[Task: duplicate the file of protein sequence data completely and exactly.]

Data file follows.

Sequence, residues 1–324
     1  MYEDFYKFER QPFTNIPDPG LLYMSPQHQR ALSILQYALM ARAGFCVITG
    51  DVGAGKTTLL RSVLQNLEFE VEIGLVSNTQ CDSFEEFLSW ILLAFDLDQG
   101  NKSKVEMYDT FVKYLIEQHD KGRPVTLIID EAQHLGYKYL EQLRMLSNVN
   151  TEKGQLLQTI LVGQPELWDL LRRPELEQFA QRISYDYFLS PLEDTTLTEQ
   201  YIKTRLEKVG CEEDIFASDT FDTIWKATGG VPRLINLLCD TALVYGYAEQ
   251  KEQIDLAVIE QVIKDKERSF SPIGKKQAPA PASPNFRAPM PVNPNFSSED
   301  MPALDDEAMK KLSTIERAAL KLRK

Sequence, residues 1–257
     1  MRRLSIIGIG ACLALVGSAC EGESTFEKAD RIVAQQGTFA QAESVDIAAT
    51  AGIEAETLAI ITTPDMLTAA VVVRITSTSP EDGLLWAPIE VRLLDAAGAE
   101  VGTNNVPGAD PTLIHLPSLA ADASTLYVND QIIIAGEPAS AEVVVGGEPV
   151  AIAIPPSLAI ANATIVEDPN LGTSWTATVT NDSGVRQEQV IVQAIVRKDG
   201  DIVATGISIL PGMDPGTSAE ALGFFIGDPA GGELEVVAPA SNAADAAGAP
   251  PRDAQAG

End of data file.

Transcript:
Sequence, residues 1–324
     1  MYEDFYKFER QPFTNIPDPG LLYMSPQHQR ALSILQYALM ARAGFCVITG
    51  DVGAGKTTLL RSVLQNLEFE VEIGLVSNTQ CDSFEEFLSW ILLAFDLDQG
   101  NKSKVEMYDT FVKYLIEQHD KGRPVTLIID EAQHLGYKYL EQLRMLSNVN
   151  TEKGQLLQTI LVGQPELWDL LRRPELEQFA QRISYDYFLS PLEDTTLTEQ
   201  YIKTRLEKVG CEEDIFASDT FDTIWKATGG VPRLINLLCD TALVYGYAEQ
   251  KEQIDLAVIE QVIKDKERSF SPIGKKQAPA PASPNFRAPM PVNPNFSSED
   301  MPALDDEAMK KLSTIERAAL KLRK

Sequence, residues 1–257
     1  MRRLSIIGIG ACLALVGSAC EGESTFEKAD RIVAQQGTFA QAESVDIAAT
    51  AGIEAETLAI ITTPDMLTAA VVVRITSTSP EDGLLWAPIE VRLLDAAGAE
   101  VGTNNVPGAD PTLIHLPSLA ADASTLYVND QIIIAGEPAS AEVVVGGEPV
   151  AIAIPPSLAI ANATIVEDPN LGTSWTATVT NDSGVRQEQV IVQAIVRKDG
   201  DIVATGISIL PGMDPGTSAE ALGFFIGDPA GGELEVVAPA SNAADAAGAP
   251  PRDAQAG